Hand Tools

Subject:
Prep before building drawers

Derek Cohen (in Perth, Australia)
I was planning to next post with the completed Harlequin Side table, however it has been two steps forward and one back. Selecting the drawer fronts .. well, I've cut and recut them a few times, and only now satisfied with the result. It is no small deal each time since a drawer front has to be fitted into a recess that is shaped like a parallelogram. And if the fit is not good enough ... well, a few would-be drawer fronts were discarded.

What parts are needed? Well, the drawer sides are 1/4" thick - too thin for grooves, so there will be slips to support the drawer bottom.

The drawer sides are Tasmanian Oak, which I use frequently, as it is a light wood that allows the drawer fronts to be shown to their best, and it is available quarter sawn. The drawer back will also be Tassie Oak.

The drawer bottoms are solid wood and 1/4" thick. Rather than use Tasmanian Oak, I thought I would add a little life with Tasmanian Blue Gum. It is quite similar is texture and tone (although the photos here do not show this), but has more figure.

Enough here for 8 drawers ...

Drawer sides and drawer fronts ...

Great sander ... Mirka Ceros ...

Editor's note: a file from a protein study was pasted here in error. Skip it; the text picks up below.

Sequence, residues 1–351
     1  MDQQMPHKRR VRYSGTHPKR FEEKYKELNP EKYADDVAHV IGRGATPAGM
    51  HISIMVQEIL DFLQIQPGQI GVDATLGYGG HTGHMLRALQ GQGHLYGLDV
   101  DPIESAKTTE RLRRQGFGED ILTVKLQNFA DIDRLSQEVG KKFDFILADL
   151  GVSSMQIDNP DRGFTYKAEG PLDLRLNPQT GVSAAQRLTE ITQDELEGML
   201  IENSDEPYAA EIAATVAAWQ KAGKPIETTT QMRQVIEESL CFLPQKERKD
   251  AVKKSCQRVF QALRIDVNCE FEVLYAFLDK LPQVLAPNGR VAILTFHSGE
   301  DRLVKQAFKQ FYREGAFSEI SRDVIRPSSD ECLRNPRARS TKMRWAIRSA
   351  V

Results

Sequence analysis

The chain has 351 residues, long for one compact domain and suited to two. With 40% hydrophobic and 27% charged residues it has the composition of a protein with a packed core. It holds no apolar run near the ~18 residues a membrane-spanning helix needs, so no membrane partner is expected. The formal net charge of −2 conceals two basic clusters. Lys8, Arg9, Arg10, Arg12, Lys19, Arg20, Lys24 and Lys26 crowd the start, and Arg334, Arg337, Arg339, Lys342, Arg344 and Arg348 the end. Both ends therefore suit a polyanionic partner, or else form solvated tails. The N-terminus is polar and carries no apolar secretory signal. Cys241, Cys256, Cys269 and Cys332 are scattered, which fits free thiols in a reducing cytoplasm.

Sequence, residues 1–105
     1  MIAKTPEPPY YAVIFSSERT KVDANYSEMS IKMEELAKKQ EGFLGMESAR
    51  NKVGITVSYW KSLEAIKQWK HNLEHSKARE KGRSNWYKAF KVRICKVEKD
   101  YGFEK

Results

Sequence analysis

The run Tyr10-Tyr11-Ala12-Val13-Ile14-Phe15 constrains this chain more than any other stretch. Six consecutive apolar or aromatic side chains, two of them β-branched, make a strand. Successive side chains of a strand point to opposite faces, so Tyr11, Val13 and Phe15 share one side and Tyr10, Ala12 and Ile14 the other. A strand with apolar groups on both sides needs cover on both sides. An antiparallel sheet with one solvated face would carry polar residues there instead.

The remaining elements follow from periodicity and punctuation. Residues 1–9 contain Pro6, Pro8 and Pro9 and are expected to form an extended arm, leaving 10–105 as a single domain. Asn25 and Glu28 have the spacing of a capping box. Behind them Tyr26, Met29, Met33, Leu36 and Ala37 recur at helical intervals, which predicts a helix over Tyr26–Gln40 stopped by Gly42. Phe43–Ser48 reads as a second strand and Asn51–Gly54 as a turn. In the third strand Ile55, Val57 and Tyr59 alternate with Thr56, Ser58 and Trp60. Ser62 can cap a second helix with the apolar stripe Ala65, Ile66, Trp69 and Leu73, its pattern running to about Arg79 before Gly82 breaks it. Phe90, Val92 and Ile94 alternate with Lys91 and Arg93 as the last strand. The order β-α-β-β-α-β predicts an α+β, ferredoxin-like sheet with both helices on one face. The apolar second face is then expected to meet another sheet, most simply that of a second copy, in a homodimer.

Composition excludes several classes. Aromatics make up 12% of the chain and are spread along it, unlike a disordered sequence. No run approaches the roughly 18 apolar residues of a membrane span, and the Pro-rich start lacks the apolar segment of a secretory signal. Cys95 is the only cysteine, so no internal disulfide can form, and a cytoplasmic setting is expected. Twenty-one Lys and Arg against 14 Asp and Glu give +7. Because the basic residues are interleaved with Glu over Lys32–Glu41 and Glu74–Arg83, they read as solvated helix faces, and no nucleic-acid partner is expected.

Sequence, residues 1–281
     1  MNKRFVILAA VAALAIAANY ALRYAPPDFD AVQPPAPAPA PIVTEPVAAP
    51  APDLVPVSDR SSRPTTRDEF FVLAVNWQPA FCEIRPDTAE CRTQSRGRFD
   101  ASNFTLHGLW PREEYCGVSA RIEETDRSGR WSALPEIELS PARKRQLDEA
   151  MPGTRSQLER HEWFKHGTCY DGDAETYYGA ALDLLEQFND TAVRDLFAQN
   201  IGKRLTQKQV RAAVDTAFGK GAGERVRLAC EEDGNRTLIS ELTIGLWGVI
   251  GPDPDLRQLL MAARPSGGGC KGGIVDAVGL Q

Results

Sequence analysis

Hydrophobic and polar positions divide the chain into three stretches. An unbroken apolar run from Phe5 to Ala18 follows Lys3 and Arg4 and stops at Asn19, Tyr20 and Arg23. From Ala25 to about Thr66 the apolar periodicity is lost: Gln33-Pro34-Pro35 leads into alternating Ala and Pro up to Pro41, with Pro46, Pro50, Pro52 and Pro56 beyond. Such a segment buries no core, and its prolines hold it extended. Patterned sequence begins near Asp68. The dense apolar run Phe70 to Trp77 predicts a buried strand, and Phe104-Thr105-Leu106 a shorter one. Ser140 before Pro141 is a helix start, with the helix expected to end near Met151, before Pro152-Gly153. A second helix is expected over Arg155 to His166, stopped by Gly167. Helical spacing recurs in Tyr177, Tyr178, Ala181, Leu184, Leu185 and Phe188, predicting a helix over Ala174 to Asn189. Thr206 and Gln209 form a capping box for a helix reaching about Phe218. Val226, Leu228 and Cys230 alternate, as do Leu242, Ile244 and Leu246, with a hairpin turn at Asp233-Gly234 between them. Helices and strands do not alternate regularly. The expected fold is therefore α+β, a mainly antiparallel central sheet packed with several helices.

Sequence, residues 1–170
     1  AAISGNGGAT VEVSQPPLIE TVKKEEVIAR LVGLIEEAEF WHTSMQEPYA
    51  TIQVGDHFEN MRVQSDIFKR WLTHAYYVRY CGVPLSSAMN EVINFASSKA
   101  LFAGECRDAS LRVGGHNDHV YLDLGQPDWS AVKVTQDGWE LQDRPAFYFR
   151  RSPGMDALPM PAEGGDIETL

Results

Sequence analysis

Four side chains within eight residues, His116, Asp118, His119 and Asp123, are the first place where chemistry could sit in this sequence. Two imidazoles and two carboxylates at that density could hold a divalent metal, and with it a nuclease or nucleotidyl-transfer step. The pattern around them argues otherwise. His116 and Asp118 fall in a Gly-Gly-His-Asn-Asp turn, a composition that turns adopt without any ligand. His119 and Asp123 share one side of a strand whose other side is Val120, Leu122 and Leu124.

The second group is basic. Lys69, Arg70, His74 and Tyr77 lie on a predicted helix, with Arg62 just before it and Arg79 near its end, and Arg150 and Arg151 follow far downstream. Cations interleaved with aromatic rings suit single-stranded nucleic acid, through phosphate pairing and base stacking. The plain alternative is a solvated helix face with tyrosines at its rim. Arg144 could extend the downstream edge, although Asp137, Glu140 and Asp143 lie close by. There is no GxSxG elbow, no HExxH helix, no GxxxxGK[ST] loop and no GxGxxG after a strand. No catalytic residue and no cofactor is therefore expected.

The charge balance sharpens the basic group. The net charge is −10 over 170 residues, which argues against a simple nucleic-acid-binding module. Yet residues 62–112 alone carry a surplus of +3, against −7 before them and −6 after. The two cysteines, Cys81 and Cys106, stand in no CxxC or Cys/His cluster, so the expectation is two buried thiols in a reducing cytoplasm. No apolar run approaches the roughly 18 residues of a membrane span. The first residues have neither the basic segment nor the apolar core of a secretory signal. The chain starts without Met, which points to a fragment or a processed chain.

These will be the drawer bottoms. The board in the centre is the Hard Maple case back ...

Do you think anyone will notice that the drawer bottoms run sequentially? :)

The making of the drawer slips may have some interest. I used Tasmanian Blue Gum (because it links to the drawer bottoms). This is quite interlocked and any planing with a plough to form either grooves or beads would be expected to end unhappily, with much tearout. I have posted this tip before: add a 15 degree backbevel to all plough blades to create a high 60 degree cutting angle.

The 3/16" beads were ploughed with the Veritas Combination Plane ...

Brilliant finish ...

... and a 1/8" groove for the rebate in the drawer bottom was ploughed by the Veritas Small Plow ...

Again, tearout free ...

This is a mock up of the intersection of the drawer front (back), drawer side into drawer slip and against a drawer side ...

Note that the drawer front is straight/flat at this stage but, once dovetailed, they will be shaped to curve along the bow front of the case.

These are the timbers I have chosen for the drawer fronts. This is what gives the side table the harlequin name. Three timbers: Black Walnut, a pink Jarrah, and figured Hard Maple. Keep in mind that there is no finish at this stage ...

Next time hopefully with everything completed.

Regards from Perth

Derek

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